Amidst the uncertainty around what will happen after Britain’s historic vote to leave the European Union, there is some clarity about the next steps. Boris Johnson, the prominent Leave campaigner and PM contender, has set out his views in a newspaper article in which he says that Britons will have the right to live and work in the EU and the “only change” after Brexit is wresting control back so that we are no longer subject to EU laws. This includes the ability to control migration.
It’s worth remembering that the European Union views the freedom of movement of people as one of the four pillars of the Single Market (the others being the free movement of capital, goods, services), which grants the right to people within it to live and work freely anywhere in the EU. In other words, as a member of the EU Single Market, Brits have the right to live and work in the EU just as those from the EU have the same rights to live and work in the UK.
Is it possible to retain access to the European market but not be subject to EU laws, including the freedom of movement of people?
Is it possible to retain access to the European market but not be subject to EU laws, including the freedom of movement of people? So far, the EU hasn’t granted that to the non-EU countries which have negotiated the right to access the Single Market.
There are 3 countries in the European Free Trade Association (Norway, Liechtenstein, Iceland) plus Switzerland which also has access to the Single Market via a series of treaties in the European Free Trade Association. All accept freedom of movement of people in exchange for their varying degrees of access to the largest economic bloc in the world. Indeed, it’s described as “perhaps the most important right for individuals, as it gives citizens of the 30 EEA countries (EU plus these 3 countries) the opportunity to live, work, establish business and study in any of these countries.”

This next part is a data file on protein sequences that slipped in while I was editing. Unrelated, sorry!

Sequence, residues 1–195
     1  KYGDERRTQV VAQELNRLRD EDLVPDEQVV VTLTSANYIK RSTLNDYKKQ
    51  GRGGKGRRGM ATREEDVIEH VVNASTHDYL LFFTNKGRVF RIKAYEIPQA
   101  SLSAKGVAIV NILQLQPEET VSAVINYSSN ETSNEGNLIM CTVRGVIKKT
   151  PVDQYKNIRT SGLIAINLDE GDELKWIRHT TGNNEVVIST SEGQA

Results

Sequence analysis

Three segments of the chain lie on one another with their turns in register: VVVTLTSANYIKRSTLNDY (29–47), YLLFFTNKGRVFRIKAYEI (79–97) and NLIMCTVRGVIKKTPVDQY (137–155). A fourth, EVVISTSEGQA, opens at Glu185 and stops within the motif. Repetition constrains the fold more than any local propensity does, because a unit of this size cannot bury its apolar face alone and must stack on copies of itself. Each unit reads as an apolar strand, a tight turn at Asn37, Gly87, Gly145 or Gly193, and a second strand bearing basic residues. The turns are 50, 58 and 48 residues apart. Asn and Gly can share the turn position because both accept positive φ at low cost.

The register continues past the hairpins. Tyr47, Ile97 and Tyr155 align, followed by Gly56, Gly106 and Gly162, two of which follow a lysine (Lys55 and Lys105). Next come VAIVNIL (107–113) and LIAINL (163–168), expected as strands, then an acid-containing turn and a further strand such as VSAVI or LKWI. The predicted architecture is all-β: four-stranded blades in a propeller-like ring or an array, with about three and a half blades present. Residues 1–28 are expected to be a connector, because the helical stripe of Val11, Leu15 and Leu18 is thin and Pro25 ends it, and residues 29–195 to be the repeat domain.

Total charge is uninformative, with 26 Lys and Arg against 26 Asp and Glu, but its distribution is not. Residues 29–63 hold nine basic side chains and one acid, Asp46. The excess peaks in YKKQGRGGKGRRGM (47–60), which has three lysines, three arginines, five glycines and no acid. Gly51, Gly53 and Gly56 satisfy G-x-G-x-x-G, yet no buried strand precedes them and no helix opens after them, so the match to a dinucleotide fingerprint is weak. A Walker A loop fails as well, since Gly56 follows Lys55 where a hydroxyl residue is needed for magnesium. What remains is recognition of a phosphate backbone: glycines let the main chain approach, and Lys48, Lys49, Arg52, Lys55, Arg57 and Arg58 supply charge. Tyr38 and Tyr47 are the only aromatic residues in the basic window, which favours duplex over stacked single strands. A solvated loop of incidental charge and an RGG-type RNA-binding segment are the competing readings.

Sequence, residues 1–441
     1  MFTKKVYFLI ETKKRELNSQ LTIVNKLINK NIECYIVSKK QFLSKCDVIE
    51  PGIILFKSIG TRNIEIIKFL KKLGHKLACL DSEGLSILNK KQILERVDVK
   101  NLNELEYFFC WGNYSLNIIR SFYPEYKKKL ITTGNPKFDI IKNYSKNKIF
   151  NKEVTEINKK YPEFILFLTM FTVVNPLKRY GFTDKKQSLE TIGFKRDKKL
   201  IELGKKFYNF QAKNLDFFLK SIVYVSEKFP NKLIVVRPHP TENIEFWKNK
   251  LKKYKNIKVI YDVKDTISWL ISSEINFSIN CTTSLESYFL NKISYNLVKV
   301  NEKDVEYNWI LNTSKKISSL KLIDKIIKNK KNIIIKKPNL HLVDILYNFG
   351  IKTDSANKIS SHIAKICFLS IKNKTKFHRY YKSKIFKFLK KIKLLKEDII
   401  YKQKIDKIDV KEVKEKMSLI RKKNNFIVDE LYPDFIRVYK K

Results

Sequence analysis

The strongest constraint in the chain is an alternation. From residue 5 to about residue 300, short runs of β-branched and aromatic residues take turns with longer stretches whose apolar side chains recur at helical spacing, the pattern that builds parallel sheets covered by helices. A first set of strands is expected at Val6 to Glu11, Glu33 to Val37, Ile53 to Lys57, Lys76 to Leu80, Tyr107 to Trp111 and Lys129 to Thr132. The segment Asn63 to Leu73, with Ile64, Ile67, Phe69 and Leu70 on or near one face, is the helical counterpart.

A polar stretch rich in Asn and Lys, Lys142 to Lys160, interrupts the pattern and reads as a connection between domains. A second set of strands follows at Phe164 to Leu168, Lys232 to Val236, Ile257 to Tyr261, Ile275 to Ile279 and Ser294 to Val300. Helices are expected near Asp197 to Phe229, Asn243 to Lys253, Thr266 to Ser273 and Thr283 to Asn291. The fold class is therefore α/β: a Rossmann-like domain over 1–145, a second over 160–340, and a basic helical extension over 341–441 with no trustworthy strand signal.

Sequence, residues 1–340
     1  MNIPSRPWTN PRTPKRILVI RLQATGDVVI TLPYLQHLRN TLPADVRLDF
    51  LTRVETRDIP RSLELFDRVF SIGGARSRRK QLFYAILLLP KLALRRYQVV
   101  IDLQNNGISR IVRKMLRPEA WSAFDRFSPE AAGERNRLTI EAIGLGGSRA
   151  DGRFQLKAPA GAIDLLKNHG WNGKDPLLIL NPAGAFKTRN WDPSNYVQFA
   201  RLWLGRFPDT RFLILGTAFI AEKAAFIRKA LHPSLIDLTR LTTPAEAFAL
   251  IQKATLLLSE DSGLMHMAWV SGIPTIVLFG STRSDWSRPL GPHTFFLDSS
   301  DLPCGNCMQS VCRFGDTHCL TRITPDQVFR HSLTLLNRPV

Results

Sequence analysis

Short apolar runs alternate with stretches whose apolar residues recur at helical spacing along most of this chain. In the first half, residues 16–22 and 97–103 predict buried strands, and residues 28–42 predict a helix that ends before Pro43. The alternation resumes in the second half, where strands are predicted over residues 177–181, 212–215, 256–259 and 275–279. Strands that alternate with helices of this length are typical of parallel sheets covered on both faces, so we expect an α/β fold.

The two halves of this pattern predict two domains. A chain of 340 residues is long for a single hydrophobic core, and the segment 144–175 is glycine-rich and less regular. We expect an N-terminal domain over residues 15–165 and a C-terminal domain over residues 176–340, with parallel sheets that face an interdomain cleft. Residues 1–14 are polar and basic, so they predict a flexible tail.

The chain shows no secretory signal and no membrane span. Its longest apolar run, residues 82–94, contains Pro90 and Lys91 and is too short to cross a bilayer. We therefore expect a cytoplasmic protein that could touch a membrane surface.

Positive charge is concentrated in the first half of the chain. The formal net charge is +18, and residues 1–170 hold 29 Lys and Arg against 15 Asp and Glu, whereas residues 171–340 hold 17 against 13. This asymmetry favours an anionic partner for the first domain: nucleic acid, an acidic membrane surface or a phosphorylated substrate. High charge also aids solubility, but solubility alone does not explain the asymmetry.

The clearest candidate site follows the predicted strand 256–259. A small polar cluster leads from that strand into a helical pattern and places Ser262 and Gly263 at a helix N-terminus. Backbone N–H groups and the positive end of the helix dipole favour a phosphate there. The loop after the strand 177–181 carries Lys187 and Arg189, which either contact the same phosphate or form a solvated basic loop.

To give a sense as to how integral free movement of people is, Switzerland’s two year struggle to impose a quota on EU migrants is telling. In February 2014, the Swiss voted in a referendum for controls on EU migration. But, the EU wouldn’t budge on the principle of the freedom of movement of people, so the negotiations have dragged on with no conclusion. Ironically, they are exploring using the “emergency brake” that the British Prime Minister David Cameron had negotiated prior to the EU referendum in the UK that would have restricted in-work benefits for new migrants and potentially lessened the “pull factor” of economic migration to a higher income country.
Remaining in the European Single Market has also been touted by a range of businesses and policymakers, including the Mayor of London, as being crucial in Britain’s future relationship with the EU. Not all Leave campaigners may agree, of course, since some had advocated leaving the Single Market and just having a free trade agreement (FTA) with the EU.